# Midterm 1 Solution

CS18

1. Short Answer Problems. Each of the following problems is worth 19 points.

1. What four requirements must be met before a recursive solution to a problem is attempted?
1. Problem must decompose into sub-problems.
2. Base case(s) must exist.
3. The base case(s) must be reached.
4. Recursive calls must diminish the problem size.

2. How many bits are in a byte? What is the equation for interpreting these bits as a signed number? As an unsigned number?

Eight bits in a byte.

Signed value: Unsigned value: 3. Write the box trace for the following program.
```#include <iomanip.h>
#include <stdlib.h>

int gcd(int a, int b);

int main(void)

{
int i = 7;
int j = 9;

cout << "gcd: " << gcd(i, j);
return 0;
}

int gcd(int a, int b)
{
int r = a % b;
int ans;

if (r == 0)
ans = b;
else
ans = gcd(b, r);

return ans;
}
``` 4. Show that any for loop may be written as a while loop by writing an algorithm (pseudocode) which will mechanically transform any for loop into a while loop. Of course, the while loop must have the same functionality as the for loop.
1. Write a statement corresponding to the for loop's initializer.
2. Write `while ( <for condition> )`.
3. Write `{`.
4. Write the body of the for loop.
5. Write a statement corresponding to the for loop's post processing.
6. Write `}`.

5. Joe Programmer wrote the following code fragment to sum two ints, leaving it in a third. It doesn't work. Using pointer parameters ( not reference parameters), fix the code so that it works.
```int main()
{
int a, b, c;
...
sum(a, b, c);   // leave sum of b and c in a
}

// returns sum of a and b through sum
void sum (int sum, int a, int b)
{
sum = a + b;
}
```

```int main()
{
int a, b, c;
...
sum(&a, b, c);   // leave sum of b and c in a
}

// returns sum of a and b through sum
void sum (int* sum, int a, int b)
{
*sum = a + b;
}
```

2. Programming Problems. Each of the following problems is worth 40 points. You are more likely to receive partial credit if you write your code so that I can understand what you've done.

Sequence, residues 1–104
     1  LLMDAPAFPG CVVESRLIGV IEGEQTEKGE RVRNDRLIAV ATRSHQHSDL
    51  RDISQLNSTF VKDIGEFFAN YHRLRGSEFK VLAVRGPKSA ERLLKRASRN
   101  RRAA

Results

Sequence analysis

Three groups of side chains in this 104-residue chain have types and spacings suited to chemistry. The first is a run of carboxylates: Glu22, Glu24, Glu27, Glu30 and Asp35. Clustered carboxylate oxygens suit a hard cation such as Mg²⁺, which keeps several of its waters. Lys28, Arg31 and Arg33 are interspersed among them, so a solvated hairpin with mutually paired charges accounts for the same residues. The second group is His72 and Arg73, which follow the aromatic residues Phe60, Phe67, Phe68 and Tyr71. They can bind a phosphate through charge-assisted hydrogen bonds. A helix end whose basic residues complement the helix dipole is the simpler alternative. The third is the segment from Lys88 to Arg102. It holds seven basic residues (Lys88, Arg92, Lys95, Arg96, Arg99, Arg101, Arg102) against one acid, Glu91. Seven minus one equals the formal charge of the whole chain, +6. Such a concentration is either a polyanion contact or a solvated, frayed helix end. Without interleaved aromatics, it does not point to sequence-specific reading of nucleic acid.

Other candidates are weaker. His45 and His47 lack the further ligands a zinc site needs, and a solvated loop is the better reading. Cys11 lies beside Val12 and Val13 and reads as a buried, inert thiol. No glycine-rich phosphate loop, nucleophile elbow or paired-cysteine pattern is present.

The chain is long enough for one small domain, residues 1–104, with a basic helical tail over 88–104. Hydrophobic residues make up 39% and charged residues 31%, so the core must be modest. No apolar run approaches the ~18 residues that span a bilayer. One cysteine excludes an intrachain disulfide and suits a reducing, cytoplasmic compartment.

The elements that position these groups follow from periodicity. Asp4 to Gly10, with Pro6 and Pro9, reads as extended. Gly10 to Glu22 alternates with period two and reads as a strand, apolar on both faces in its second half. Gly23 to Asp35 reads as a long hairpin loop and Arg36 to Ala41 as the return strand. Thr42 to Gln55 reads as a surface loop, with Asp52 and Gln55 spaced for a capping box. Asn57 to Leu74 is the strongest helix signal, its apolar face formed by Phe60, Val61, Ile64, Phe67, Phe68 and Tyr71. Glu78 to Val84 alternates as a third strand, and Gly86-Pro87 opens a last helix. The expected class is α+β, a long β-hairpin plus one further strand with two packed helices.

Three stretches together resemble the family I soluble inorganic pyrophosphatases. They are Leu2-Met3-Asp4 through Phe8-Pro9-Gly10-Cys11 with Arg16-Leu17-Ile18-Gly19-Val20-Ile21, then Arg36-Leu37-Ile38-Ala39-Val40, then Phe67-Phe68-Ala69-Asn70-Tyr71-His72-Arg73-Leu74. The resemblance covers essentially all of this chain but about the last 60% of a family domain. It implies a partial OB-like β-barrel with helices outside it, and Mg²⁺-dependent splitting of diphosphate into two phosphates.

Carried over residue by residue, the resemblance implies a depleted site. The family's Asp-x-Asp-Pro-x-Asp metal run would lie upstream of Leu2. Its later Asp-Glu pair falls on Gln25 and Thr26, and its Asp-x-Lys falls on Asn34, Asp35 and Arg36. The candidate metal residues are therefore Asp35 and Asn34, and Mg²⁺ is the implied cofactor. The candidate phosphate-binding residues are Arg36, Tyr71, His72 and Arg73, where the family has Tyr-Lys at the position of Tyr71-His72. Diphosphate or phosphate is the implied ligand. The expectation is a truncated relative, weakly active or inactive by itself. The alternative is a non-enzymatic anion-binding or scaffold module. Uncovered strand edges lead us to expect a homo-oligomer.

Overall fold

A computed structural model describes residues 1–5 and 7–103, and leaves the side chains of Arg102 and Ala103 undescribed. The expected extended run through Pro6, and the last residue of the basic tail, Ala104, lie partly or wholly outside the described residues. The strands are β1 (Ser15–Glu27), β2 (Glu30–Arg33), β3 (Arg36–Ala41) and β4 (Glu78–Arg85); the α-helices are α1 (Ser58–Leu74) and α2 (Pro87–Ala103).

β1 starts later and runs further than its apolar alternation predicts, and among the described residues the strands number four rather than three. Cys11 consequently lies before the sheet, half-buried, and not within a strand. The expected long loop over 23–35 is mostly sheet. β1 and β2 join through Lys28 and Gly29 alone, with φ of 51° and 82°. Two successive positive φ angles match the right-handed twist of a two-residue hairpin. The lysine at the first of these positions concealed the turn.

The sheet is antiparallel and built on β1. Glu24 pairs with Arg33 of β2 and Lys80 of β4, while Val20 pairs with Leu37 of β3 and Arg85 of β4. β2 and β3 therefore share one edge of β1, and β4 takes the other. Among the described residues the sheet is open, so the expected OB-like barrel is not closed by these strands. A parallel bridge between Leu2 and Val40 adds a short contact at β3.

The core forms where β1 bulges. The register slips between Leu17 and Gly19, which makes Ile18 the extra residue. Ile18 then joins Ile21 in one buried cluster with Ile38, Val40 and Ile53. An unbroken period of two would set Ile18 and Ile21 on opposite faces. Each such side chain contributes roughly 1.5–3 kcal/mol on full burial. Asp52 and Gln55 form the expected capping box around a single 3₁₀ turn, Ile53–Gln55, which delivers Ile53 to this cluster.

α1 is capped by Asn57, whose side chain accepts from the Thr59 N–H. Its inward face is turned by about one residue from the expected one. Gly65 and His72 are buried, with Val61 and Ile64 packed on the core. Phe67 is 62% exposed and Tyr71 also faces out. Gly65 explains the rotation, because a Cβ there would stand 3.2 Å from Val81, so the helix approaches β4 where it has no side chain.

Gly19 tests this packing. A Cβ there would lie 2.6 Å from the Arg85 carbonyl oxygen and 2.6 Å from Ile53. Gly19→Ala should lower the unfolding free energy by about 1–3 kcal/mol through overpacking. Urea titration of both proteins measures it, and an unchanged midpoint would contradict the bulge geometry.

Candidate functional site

1. Write a function which recursively sums the elements in an int array by summing the elements in the two ``half'' arrays and then adds the sums of the two half arrays together. The sum should be returned through the function name. The parameters to the function should be the array, a start index, and an end index. The function performs no I/O.
```int sum(int array[], int start, int end)
{
int mid = (start + end) / 2;

if (start == end)
return array[start];
else
return sum(array, start, mid) + sum(array, mid + 1, end);
}
```

2. Write a program which reads an integer in the range 20 through 99, and prints the equivalent word for it. For example, if the user enters 78, the program should respond by printing
You have entered seventy eight.
Use switch statements in your program with a minimum of cases, not one switch statement with 80 cases.
```#include <iostream.h>

int main()
{
int n = 0;
int tens;
int ones;

while (n < 20 || n > 99)
{
cout << "Enter a number in the range 20..99: ";
cin >> n;
}

ones = n % 10;
tens = n / 10;

cout << "You have entered ";

switch (tens)
{
case 2: cout << "twenty "; break;
case 3: cout << "thirty "; break;
case 4: cout << "forty "; break;
case 5: cout << "fifty "; break;
case 6: cout << "sixty "; break;
case 7: cout << "seventy "; break;
case 8: cout << "eighty "; break;
case 9: cout << "ninety "; break;
}

switch (ones)
{
case 0: cout << ".\n"; break;
case 1: cout << "one.\n"; break;
case 2: cout << "two.\n"; break;
case 3: cout << "three.\n"; break;
case 4: cout << "four.\n"; break;
case 5: cout << "five.\n"; break;
case 6: cout << "six.\n"; break;
case 7: cout << "seven.\n"; break;
case 8: cout << "eight.\n"; break;
case 9: cout << "nine.\n"; break;
}

return 0;
}
```

Thomas P. Kelliher
Mon Mar 11 08:02:53 EST 1996
Tom Kelliher